Updated by John Prechtel, Data Librarian, February 28, 2007
guide covers some ways to access questionnaires for opinion polls and
social surveys. For information about finding educational and psychological
test instruments, see Finding Tests and Test Information in the UGA
1. Howard W. Odum Institute for Research in Social Science Public
Contents: Questions from the Louis Harris polls, the Carolina
Poll, and a few other poll series. Topics are fairly diverse and include
some regional (southern) focus. Covers 1960s forward.
Searching: Fielded Boolean searching with several limit filters.
How to find the questionnaire: Under each question in the hit
list you can click on Get all the questions. This produces
a page giving you the size of the questionnaire file you are about to
download/open. Proceed to download/open the file. These files can be
rather large, so before printing the entire questionnaire, you should
take note of how long it is.
2. ICPSR archive
Questionnaires, if they exist, are usually freely accessible. Users will
need to submit their email address during the process.
Contents: Several thousand studies ranging from opinion polls to
very complex longitudinal surveys contributed by survey research institutes,
academic researchers, news organizations, and government agencies. Some
international coverage. Subjects cover a wide array of social sciences,
especially political science and sociology. The questionnaire--if available--is
usually part of the documentation, a.k.a. "codebook". Most documentation
has now been digitized. A selective collection of printed ICPSR codebooks
is also available in the Main Reference room. There are also many ICPSR
codebooks in the general collection.
- Search the archive's
holdings by keyword/phrase in title, summary, author (principal investigator),
ICPSR study number. Advanced search allows some quasi-Boolean control.
- Browse by ICPSR
- A thesaurus provides
controlled subject and geographic name access to the studies, more detailed
than the ICPSR subjects.
How to find the questionnaire:
A. Identify a study of interest using the finding tools.
B. Click on the downloads link in the hit list or on the
description page. You will be prompted for an email address. You will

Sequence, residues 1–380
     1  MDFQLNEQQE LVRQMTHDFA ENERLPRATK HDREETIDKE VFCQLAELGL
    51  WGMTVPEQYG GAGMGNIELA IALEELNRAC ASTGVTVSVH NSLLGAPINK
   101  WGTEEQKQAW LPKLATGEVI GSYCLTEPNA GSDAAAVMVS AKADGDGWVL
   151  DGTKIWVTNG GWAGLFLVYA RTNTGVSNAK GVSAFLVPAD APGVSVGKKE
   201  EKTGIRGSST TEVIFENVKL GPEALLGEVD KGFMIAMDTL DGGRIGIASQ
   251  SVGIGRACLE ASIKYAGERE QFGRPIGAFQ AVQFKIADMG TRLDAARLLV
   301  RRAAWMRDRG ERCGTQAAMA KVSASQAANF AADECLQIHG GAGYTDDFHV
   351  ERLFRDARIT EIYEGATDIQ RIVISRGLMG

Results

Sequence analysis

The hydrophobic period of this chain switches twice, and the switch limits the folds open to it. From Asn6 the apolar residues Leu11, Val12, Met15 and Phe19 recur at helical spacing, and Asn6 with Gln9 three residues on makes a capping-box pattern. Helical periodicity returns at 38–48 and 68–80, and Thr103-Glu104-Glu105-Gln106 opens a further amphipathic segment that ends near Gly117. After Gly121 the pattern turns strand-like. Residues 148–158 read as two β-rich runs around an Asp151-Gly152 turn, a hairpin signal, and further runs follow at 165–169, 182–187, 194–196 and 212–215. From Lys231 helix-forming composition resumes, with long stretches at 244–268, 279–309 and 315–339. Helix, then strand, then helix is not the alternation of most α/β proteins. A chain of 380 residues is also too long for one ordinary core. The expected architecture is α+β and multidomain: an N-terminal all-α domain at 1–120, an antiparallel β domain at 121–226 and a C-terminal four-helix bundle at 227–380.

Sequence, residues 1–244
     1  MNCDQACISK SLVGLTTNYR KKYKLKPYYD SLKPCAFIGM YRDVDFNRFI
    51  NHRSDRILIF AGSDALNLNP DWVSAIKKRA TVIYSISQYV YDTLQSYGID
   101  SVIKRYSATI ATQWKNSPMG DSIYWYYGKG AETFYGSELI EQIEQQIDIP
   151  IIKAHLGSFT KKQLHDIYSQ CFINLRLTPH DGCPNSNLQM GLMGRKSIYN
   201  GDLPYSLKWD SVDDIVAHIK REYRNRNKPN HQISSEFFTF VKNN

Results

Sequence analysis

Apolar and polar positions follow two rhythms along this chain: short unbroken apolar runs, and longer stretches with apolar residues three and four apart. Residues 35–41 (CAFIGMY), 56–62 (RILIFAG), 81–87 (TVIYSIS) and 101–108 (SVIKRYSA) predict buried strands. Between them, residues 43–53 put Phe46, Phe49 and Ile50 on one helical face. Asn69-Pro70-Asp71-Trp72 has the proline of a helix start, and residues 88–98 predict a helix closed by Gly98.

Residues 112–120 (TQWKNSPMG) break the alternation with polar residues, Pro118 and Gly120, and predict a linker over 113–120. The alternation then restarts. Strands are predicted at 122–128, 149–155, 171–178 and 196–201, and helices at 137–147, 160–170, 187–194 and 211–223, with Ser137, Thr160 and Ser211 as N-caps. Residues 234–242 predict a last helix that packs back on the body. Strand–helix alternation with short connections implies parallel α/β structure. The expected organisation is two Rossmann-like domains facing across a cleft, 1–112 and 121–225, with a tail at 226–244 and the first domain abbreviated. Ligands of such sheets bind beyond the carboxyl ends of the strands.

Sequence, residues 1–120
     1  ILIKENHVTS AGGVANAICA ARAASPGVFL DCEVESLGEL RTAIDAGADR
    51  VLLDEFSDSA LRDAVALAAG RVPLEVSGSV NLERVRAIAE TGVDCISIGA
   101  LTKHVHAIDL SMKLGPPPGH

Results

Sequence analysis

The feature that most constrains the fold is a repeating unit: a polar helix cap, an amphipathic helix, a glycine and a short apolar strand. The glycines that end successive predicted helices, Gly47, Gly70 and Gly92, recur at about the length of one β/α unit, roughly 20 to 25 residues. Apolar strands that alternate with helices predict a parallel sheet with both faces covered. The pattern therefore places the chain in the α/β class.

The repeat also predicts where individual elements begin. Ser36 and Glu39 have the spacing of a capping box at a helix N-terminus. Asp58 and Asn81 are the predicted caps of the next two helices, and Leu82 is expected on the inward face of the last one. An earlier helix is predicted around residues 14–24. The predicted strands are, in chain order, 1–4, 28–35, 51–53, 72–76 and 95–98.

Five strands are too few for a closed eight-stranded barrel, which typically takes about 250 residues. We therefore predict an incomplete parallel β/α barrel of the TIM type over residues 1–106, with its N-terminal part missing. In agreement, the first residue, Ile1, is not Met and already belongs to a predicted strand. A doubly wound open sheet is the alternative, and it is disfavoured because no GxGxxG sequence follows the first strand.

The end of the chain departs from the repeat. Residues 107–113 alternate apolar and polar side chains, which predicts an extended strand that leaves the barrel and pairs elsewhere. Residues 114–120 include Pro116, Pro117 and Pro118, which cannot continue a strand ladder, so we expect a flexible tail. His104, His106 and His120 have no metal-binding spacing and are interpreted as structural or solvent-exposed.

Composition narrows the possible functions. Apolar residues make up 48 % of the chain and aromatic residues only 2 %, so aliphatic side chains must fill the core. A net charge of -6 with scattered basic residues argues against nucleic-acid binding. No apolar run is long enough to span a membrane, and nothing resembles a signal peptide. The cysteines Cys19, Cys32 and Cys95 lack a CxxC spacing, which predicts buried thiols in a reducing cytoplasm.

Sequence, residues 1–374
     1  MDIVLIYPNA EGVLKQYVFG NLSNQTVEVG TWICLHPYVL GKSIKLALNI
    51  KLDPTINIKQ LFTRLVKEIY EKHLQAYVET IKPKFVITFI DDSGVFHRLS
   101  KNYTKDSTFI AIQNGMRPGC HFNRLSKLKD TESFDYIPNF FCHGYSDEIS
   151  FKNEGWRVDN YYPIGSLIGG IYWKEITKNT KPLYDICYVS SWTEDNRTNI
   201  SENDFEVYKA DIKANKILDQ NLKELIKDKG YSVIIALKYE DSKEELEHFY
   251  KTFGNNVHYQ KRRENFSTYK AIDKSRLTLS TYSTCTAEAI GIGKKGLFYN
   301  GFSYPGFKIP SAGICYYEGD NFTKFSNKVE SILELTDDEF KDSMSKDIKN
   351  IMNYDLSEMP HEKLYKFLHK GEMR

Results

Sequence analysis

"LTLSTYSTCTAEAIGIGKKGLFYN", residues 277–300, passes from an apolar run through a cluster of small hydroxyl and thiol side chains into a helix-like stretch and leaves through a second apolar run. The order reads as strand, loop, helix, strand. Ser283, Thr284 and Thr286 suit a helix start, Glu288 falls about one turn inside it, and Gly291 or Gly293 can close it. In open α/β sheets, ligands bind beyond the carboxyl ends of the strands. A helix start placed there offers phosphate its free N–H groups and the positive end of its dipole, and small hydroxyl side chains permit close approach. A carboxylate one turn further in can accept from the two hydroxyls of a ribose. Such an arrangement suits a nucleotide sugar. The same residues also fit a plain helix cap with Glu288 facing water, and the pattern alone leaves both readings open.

also be asked some additional questions which you may decline to answer.
C. At the Browse and Download page, scroll down a bit until
you get to a section with the header 'Machine-readable Codebooks and
Documentation - Freely Available'. Look for a file identified as the
questionnaire. If present, download/open it. If not present, then download/open
whatever documentation file is there. The files will either be pdf or
plain text format.
D. Once you have opened up a documentation file look for a questionnaire
section. If this doesnt work, look for a section called codebook.
Look in other sections if necessary. The questionnaire may be integrated
into other kinds of information. For some studies there may be no
database of poll questions (Roper Center)
UGA faculty, students, staff only. Accessible from campus IP addresses.
Contents: Questions from thousands of opinion polls on a wide
variety of topics. Includes Gallup Polls and others. Coverage is 1940s
to the present.
Searching: Simple keyword and phrase searching. A list of topics
is also available. Users can limit by organization or date as well as
How to find the questionnaire: When you find a question(s) of
interest, click view. Then click on the poll title. This will
produce what is called the Full Release Question List. Thats your
questionnaire for this poll. These lists are obviously not facsimiles
of what the pollsters used and they dont provide information on
skip patterns etc., but they include all the questions asked. To see
the responses you must click view by each question.
4. Government survey questionnaires:
From the more options search screen, set limits to Location:
"Government Documents Main" and then search on the keyword
"questionnaire" and other subject terms such as education
or health. Questionnaires are often included in the survey documentation
released by government agencies, and the term questionnaire may appear
in the catalog record.
2000 population and housing questionnaires at the Census Bureau
Frederick G. 200 years of U.S. census taking : population and housing
questions, 1790-1990. (J84: C 3.2:T 93 Main Ref, Census Collection)
Contains all census questionnaires and census schedules used in each
decennial census through 1990.
of Census forms (2nd floor Census Collection, Folio J84 C3.272:[various
Individual forms/questionnaires used in many different government sponsored
surveys conducted by the Census Bureau during the past couple of decades.
Unfortunately there is no index to these forms.